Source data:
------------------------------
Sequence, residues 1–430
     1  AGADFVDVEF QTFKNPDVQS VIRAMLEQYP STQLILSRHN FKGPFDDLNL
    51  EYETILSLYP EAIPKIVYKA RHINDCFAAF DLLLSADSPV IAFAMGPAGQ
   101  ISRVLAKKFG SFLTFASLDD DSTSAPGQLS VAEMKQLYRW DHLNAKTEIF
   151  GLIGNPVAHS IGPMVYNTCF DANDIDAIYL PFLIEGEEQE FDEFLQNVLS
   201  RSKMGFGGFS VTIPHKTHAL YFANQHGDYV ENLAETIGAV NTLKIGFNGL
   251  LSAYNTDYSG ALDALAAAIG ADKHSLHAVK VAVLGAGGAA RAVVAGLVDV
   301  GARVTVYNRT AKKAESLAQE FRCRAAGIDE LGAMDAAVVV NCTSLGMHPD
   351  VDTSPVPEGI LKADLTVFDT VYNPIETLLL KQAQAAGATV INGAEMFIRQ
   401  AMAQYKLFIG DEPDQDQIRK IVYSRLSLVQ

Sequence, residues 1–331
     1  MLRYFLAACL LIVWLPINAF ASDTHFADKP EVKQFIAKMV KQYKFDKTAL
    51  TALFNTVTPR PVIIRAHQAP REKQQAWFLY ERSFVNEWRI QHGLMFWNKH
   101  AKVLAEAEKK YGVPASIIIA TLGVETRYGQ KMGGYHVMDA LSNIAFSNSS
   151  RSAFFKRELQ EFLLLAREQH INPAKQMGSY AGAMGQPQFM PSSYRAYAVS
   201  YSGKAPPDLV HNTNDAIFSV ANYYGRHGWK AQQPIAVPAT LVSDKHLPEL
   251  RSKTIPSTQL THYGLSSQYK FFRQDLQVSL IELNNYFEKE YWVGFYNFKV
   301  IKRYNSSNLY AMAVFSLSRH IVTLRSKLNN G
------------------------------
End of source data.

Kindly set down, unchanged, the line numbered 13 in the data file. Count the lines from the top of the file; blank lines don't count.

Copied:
    51  TALFNTVTPR PVIIRAHQAP REKQQAWFLY ERSFVNEWRI QHGLMFWNKH